Somehow, on the final lift of our Christmas show program (our star carry), I injured my right wrist.  I am not sure why or how it got injured on this lift, but I did not even notice it until I got off the ice.  My wrist had been bothering me leading up to the show, but all of a sudden after the show I could not even take my skates off without pain.  I went to the doctor and he said it was probably tendonitis, but could not be sure without an MRI.  Of course, I do not have health insurance (What am I, a billionaire?), so I skipped out on treatment and just did some physical therapy that I found online to treat my wrist.  Combined with a couple weeks off of lifts and anything else that hurt it (pretty much everything; initially even jumping and spinning hurt), I worked my way back up to health.  If you may have noticed at the US Championships, Jessica and I had matching tape on our right wrists because she also has tendonitis along with a ganglion cyst.

            Despite our wrist issues and Jessica’s lingering arthritis issues, we went in to the US Championships as healthy as we ever have.  Just like before the US Pairs Final, we were able to build our training so that we could peak properly for competition.  We showed up for competition with one goal in mind: skate well.  We wanted to skate for ourselves in Greensboro, we wanted to show off the improvements we’ve made over the last two years, we wanted to put out programs that we were proud of, but most importantly we wanted to heed the advice my Grandfather gave me; to love what we do.

            Every practice in Greensboro was fantastic, we hardly missed a beat at all.  We did the most elements during run-throughs of any team there because we treated it just like a normal training week.  We built up our confidence and prepared ourselves for the short program.  When we stepped out for our six-minute warm-up it was our first time on the arena ice, our first time placing our blades on the ice we were to compete on.  The warm-up was a whirlwind, we hit the sals, but uncharacteristically missed the throw loop.  We circled around again for another attempt and still we had a step-out.  I told Jessica not to worry about it because I knew that adrenaline would help.  After the warm-up we got off the ice until it was our turn to do our program.  Stepping back on the ice, waiting for our names to be called I remember thinking, “Wow, I’m here… All this work to get back and I’m finally here.”.  We set into our opening position and I imagined myself in my character’s shoes.  We each went through the program methodically, thinking of our key words and using our time spent with our sports psychologist to our advantage.  Although there was room for improvement on some of the small stuff, we did a program we could be proud of and set ourselves up nicely for the free skate.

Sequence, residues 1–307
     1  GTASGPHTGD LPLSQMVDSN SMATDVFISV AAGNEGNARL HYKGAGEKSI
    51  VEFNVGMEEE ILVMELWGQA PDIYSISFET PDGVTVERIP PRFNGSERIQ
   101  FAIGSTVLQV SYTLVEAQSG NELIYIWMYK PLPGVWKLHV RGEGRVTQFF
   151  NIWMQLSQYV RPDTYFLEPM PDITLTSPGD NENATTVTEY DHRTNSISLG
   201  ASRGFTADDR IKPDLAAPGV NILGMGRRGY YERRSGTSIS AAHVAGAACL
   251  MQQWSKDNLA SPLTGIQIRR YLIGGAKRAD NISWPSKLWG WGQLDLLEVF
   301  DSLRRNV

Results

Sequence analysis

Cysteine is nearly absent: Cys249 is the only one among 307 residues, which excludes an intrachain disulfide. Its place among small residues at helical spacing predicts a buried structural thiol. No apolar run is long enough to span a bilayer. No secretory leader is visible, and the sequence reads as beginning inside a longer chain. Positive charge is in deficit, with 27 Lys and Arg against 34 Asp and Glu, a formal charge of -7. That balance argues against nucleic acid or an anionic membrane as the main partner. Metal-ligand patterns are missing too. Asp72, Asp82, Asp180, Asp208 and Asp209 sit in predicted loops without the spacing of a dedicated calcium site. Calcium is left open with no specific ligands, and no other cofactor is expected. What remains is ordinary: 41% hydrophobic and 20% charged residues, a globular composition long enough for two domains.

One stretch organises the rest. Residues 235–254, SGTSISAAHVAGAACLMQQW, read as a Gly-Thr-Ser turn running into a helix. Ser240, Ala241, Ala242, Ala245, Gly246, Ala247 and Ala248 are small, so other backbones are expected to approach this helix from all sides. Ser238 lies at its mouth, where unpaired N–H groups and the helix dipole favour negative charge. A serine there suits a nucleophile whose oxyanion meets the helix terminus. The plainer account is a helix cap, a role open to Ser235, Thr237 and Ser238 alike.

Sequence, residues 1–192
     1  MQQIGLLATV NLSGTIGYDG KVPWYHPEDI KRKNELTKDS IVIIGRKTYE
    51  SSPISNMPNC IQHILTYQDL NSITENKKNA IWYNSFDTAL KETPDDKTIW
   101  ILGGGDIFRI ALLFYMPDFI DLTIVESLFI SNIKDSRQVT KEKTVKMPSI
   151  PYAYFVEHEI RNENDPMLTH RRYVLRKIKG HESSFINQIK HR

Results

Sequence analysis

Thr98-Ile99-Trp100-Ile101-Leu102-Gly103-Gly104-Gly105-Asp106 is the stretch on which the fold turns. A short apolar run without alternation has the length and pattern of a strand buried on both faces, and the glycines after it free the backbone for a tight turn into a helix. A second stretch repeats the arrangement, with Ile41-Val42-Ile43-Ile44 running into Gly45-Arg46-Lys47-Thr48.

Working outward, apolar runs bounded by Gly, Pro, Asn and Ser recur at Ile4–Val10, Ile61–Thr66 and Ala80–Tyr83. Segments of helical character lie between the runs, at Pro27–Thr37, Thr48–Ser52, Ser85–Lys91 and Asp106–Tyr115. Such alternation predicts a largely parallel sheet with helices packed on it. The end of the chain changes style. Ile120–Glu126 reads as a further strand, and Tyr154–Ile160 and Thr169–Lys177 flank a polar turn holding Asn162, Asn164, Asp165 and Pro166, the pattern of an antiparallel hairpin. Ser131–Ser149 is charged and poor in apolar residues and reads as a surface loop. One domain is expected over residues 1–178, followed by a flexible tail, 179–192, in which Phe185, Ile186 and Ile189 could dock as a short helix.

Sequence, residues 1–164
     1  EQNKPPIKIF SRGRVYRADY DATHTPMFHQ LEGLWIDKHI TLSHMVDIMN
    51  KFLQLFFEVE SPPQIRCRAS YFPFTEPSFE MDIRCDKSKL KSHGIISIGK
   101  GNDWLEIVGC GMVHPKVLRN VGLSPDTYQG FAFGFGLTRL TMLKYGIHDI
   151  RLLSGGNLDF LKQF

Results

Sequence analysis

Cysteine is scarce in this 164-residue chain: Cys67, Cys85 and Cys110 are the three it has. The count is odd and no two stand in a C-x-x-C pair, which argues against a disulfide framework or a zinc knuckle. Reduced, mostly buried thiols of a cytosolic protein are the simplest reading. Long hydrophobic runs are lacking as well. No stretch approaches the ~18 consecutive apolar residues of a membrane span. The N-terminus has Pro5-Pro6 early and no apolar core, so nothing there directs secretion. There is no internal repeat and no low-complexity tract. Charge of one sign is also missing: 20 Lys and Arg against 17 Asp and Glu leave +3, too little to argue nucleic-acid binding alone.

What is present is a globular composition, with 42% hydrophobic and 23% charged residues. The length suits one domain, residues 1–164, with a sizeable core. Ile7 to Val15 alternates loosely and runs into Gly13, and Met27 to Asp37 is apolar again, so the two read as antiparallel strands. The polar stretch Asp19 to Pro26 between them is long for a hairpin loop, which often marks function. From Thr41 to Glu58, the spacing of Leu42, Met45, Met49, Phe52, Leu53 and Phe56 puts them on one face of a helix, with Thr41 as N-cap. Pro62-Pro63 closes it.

Initially I did not like our free skate draw (we drew first in our warm-up), but in hindsight I am glad we ended up where we did; it gave me less time to get antsy in between the warm-up and the program.  The next day we had practice and we did almost a full free skate, a far cry from what the other teams were doing.  Everything went well except that I doubled my toe in the run-through, but I went back and did it just fine.  The day of the free skate everything went as planned and we had a great 20-minute warm-up for the event as well.  Skating first in our group meant that we had to move through our six-minute warm-up rather quickly so that we would have time to breathe before we competed.  We crossed patterns with another team on our warm-up going into our triple toes and had to circle around to do it; the next time we went into it, again we were close to someone and I still pulled mine off, but Jessica went down.  I told her not to worry about it and we carried on to a good warm-up the rest of the way.